— In Ohio’s scheme, the weak side LB is typically one of the best run-stoppers on the team. But with the Herd running about 62 percent of the time, WLB Eric Popp had just four assisted tackles. Why? Marshall’s interior line was able to handle and then displace the Ohio DTs often enough to allow blockers to drift into the linebacker depth area.
— One member of the DL that has stood out early this season has been DT Cole Baker. He’s been effective in every game so far and Saturday was no different. He had six tackles, tied for the high on the DL, and had two QB hurries.
— Ohio has rotated heavily on the DL so far this season, with 10 players appearing there in each of the first three games. The Bobcats apparently have depth, but with the need for more impact plays it’ll be interesting to see if that rotation is shortened.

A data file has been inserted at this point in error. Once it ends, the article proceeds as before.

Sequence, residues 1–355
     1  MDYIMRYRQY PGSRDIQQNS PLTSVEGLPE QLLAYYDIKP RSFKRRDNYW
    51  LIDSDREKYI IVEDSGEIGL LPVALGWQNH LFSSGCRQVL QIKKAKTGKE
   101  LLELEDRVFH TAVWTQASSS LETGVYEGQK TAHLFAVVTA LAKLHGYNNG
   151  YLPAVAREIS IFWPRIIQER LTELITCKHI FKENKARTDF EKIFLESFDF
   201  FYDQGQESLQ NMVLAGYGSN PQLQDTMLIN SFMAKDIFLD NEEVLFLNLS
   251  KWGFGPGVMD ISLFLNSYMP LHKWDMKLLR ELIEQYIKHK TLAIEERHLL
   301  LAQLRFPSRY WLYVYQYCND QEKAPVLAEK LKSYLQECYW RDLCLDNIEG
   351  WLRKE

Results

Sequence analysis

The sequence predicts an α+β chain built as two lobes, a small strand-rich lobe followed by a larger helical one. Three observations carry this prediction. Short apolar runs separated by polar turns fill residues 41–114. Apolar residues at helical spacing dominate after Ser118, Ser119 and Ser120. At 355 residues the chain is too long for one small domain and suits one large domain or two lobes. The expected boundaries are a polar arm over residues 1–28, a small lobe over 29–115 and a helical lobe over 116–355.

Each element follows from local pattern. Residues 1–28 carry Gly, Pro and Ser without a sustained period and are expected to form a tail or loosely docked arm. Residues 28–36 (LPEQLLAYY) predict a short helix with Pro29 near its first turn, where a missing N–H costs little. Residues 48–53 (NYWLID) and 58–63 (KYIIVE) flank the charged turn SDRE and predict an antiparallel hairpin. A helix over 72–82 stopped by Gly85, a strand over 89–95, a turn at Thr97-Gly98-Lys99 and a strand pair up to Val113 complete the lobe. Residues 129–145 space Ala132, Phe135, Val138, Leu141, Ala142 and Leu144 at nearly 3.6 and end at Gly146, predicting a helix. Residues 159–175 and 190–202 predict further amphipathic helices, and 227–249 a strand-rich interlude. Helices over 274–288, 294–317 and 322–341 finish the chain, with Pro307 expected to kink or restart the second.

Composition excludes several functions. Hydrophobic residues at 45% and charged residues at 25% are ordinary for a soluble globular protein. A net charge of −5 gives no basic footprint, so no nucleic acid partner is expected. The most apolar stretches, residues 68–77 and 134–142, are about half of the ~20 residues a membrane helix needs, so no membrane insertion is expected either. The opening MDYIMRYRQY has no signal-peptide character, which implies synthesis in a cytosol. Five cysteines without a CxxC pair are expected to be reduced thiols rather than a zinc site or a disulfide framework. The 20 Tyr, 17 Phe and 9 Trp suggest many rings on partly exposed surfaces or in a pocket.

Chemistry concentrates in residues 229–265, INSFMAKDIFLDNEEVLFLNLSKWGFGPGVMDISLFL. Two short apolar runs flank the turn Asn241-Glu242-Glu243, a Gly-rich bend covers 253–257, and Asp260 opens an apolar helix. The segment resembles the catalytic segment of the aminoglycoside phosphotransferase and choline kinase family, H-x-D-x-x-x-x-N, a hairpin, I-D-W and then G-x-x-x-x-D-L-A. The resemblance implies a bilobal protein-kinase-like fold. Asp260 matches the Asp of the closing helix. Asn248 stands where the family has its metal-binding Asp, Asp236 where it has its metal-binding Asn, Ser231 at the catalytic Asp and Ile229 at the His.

Special Teams notes
Ohio held it’s own on special teams, and but two plays loomed large at the end.
Redshirt freshman Jerome Buckner has been terrific on punt returns (10+) through three games, but his fumble on a 13-yard return at Marshall was the only turnover of the night.
Louie Zervos, iced on consecutive timeouts from Holliday, missed a 43-yard field goal at the end of the first half. OU, of course, lost by two.
But Michael Farkas was solid on punts and kickoff returns. In fact, Marshall had just 23 return yards — combined — the entire night.
And D.L. Knock, with a 27.0 average on five returns, showed well as the preferred returner on kickoffs.
Looking for more?
As always, if there’s specific information you’d like to see included in these catch-all reviews, or if you have specific questions about the Bobcats, feel free to let me know.
If I get a bunch of questions that require in-depth answers, I’m alway ready to do reader mailbag pieces.
You can reach me on Twitter (@JasonAmessenger) or via email at email@example.com.